Joe Dillon, MBA is a professional divorce mediator and founder of Equitable Mediation Services. Joe is passionate about helping couples avoid the destruction of attorney-driven litigation and knows first-hand that the right information, combined with the right expertise and the right kind of support can make the challenging process of divorce less expensive, less time-consuming and less stressful for divorcing couples and their families.
Greene says, “Mediation averages between $4,000 and $10,000,” but litigation lawyers (at least in New York City), start with a $25,000 retainer. “Most people will end up somewhere $20,000 and $200,000, but there certainly are those $300,000 divorces as well. I like to joke that divorce is one area of life in which having money is a disadvantage, because you may find [an attorney] who’s going to fan the flames and give you false hope about how you’re going find the kindly judge that is the father you never had who will see that you’re right, and that your ex is completely wrong. That’s a fantasy that is still held by many people.”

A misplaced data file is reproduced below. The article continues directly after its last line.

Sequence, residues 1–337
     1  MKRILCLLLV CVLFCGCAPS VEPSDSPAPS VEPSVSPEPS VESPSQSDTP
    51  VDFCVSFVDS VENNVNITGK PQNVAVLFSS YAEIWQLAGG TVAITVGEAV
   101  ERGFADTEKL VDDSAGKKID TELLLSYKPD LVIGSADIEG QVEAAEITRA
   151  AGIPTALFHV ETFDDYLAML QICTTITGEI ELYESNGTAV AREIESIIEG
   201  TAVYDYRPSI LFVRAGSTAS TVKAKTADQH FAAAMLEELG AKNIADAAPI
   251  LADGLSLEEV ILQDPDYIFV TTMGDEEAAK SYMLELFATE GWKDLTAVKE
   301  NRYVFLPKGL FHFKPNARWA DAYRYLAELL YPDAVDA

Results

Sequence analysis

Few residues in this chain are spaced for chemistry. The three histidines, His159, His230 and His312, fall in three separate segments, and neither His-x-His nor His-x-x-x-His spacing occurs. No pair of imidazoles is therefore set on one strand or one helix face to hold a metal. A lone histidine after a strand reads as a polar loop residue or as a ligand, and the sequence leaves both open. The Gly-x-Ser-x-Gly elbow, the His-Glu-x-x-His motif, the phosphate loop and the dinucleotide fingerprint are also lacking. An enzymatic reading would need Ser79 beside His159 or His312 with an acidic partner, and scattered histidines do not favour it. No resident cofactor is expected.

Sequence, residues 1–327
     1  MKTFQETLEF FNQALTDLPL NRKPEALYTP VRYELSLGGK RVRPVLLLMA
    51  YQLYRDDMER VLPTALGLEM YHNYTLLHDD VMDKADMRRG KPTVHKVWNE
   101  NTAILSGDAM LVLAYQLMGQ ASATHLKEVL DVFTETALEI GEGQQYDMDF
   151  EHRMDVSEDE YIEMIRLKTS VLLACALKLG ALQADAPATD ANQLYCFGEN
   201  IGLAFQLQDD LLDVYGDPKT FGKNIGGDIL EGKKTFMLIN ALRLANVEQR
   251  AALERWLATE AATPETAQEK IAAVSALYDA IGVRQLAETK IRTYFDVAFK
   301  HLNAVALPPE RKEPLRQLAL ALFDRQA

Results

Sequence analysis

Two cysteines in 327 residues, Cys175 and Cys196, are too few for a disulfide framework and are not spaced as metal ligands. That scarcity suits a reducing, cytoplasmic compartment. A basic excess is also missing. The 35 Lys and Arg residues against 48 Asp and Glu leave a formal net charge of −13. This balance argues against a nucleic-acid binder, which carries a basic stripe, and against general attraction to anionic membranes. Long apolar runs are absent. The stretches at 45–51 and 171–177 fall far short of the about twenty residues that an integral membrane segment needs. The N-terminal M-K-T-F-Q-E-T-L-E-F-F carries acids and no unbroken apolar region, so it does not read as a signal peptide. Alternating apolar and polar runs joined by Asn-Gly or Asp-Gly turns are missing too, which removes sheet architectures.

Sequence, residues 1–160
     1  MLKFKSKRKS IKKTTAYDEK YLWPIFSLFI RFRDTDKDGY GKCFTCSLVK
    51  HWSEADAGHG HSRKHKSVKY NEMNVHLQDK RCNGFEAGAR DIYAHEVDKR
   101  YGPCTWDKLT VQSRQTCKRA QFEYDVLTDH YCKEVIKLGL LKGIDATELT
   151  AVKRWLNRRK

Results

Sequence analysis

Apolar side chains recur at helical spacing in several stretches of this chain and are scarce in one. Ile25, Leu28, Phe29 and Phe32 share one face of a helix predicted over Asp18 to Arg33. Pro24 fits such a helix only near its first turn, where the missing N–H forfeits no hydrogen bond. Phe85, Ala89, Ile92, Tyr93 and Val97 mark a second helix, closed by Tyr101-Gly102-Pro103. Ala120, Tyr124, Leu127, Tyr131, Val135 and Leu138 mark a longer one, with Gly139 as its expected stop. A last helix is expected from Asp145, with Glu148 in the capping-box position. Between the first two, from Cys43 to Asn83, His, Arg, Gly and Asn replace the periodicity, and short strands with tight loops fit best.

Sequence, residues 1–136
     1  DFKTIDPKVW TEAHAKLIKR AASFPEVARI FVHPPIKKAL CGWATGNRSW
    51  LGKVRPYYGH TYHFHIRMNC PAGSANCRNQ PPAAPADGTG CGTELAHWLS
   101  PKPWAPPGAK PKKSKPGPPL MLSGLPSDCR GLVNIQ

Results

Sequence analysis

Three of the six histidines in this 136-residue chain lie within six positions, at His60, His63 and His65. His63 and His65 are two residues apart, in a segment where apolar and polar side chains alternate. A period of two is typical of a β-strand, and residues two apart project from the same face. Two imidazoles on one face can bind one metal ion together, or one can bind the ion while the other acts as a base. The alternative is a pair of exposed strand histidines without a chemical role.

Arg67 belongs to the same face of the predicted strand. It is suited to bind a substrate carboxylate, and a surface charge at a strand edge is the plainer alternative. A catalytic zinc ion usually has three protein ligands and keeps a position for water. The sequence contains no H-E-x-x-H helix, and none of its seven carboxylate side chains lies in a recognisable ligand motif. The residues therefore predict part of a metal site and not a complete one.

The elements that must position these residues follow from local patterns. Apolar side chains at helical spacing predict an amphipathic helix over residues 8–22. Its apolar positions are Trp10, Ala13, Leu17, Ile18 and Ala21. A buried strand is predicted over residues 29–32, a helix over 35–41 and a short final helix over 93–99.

Lisa Kallemeyn is a Qualified Neutral under Rule 114 of the Minnesota Rules of Practice and serves on the Early Neutral Evaluation Panel in Anoka County for Custody/Parenting Time Evaluations and for Financial Evaluations and is one of the more experienced evaluators in the County. In addition to offering a mediation option, she maintains a family law practice. This enables her to stay in touch with the Court system and to give mediation clients a realistic picture of what to expect from the Court– whether they reach an agreement or not, and to help you reach an agreement that will be accepted by the Court. Lisa mediates all family disputes, including personal property issues.

The length of time to complete a divorce depends upon several things.  If both sides reach an agreement or if one spouse never responds to divorce papers, a divorce doesn't take much time.  If both sides can't agree, then the judge has to decide. In this case it will take much longer because the court will need to gather information and schedule time in order to make a fair decision.   Gathering information might mean having a custody evaluation done or getting financial information.